Here we see two fine gentlemen cautiously approach a filthy beggar boy. They maintain excellent posture, showing their superior status, which is vital when talking to poor people. Image from Wikimedia Commons.

Poor people can be found everywhere, despite the best efforts of high society. And, whether you like it or not, there may be times when you are confronted by a poor person and it engages you in conversation.

The more adventurous among you may even wish to learn more about the poor by deliberately walking among them, not unlike Henry V’s nighttime stroll through his ranks of common soldiers and plebeian Welsh longbowmen.

Whether you encounter them deliberately or not, here are some important things to remember when talking to the poor.

Speak Slowly and Clearly

When talking to poor people, speak slowly and clearly. Avoid all long words and expressions that may be unique to your own social circle. You may be able to form a greater bond with the poor by using some of their own lingo or by speaking in a guttural, uncouth manner. Speak at a higher volume than you are accustomed to, as the poor tend to shout, and are confused by a smoother tongue.

Find Some Common Ground with the Poor

This may seem like an impossible task but, believe it or not, you may share some common ground with poor people. They are, after all, humans just like us!

Talk about simple things such as the weather, popular music and dogs (for the latter, however, avoid talking of show breeds and foxhounds, as you will likely confuse rather than amuse). If you are familiar with any ghastly popular-culture celebrities, then throw some names into the conversation. Poor people enjoy this. I believe Taylor Swift is one such celebrity, as is Jon Jon Jovi.

Do not mention any highbrow or classic artistes such as Bach, Damien Hurst or Marcel Proust. Poor people will simply not understand.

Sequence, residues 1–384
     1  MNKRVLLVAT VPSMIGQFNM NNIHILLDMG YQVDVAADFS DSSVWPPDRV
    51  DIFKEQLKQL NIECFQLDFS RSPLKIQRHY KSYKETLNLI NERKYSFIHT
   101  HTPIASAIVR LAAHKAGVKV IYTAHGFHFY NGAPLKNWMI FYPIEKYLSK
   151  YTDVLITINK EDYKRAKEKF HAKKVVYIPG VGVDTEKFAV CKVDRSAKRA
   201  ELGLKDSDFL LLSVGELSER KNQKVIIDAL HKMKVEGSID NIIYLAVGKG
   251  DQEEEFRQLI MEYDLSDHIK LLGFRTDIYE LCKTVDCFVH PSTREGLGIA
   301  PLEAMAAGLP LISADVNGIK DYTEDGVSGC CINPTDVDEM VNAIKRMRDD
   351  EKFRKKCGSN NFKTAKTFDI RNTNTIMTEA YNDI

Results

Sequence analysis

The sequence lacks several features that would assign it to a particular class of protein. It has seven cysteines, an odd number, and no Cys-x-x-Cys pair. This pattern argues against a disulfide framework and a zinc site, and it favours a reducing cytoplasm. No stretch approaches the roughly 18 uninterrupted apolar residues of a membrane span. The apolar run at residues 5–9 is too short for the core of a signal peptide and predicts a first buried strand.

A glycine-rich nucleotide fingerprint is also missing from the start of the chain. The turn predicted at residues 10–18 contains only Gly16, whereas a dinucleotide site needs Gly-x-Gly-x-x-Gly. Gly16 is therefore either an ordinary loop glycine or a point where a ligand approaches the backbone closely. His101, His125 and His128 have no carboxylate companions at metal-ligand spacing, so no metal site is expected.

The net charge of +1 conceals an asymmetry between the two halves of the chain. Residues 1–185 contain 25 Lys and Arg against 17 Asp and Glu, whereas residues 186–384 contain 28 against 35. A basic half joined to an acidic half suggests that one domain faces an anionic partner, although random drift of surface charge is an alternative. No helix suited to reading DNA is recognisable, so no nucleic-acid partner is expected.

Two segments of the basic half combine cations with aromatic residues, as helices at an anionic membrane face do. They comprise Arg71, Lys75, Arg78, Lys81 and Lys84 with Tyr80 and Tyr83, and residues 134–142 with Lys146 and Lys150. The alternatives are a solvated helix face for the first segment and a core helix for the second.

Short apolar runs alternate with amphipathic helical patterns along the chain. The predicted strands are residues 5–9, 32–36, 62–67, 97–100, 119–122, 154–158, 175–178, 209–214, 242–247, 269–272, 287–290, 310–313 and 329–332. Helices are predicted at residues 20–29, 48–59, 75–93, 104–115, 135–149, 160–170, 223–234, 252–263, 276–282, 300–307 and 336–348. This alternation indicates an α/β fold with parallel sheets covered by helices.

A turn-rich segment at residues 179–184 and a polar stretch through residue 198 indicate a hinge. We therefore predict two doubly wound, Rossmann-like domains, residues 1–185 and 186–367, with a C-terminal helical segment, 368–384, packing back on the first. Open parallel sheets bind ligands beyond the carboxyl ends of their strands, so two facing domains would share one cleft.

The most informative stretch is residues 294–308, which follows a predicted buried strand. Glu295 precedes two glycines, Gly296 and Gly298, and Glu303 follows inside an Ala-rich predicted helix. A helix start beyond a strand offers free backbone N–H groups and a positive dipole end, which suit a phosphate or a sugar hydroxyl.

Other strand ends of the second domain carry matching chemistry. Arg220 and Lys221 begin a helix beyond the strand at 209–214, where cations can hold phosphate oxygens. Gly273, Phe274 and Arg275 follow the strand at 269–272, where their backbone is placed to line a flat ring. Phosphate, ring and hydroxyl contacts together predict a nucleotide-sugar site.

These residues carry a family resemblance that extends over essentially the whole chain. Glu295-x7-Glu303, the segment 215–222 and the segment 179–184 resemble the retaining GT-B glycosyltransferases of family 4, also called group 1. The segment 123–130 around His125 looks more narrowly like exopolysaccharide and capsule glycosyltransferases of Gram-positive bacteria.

Don’t Talk to Poor People About Financial Matters

While you are probably earning at least £400,000 annually (that’s about $518,000 for any vile Americans out there), most poor people are earning only a fraction of this sum. Some, incredibly, do not even work at all and have no savings whatsoever. It is therefore unwise to talk about money. The poor person may feel uncomfortable or embarrassed by both its failure to earn and overall social worthlessness.

The general attire, demeanour and odor of poor people has not changed for hundreds of years.

Don’t Stand Downwind

An unfortunate side effect of poorness is a low level of personal hygiene.

A poor person’s diet consists of fast food and cheap whisky, and that’s at the higher end of the scale. They rarely have money for cigars or snuff.

The poorest poor people eat almost anything they can find, including items found in other people’s trash, such as apple cores, truffle pips, Brie rinds, champagne corks etc. This diet leads to bodily problems such as gas and rancid, stale breath.

If they wash at all, poor people wash themselves in rivers. Sadly, these rivers have already been polluted by the very same poor people, creating an unfortunate vicious cycle that leads to whiffy lower-classes and stinky city rivers. It’s desperately unfortunate, it really is, but thankfully it’s confined largely to the city and not to our beautiful estates.

Watch Your Possessions

Most poor people are thieves. Indeed, many financially secure people were once poor but they became stable through thievery rather than the more noble tradition of inheritance.

With this in mind, it is imperative that you keep an eye on your possessions while talking to the poor. Try not to look overly concerned, as this may unsettle the poor person; in the worst case scenario, it could provoke an attack. You may wish to have your chauffeur standing nearby with a 12-bore shotgun in case of problems.

Don’t Touch

Never touch a poor person, neither out of curiosity nor through the affectionate advances of the poor subject itself. If the poor person does try to shake hands with you or, God forbid, embrace you, step away quickly. It will be difficult to do this in a respectful manner but you really have few options in this instance. Always remember that your personal safety is paramount when dealing with the poor.

By following all of the above rules you should hopefully enjoy a rewarding, if not entirely pleasant, experience. The whole engagement should prove memorable both for you and, even more so, for the poor person involved.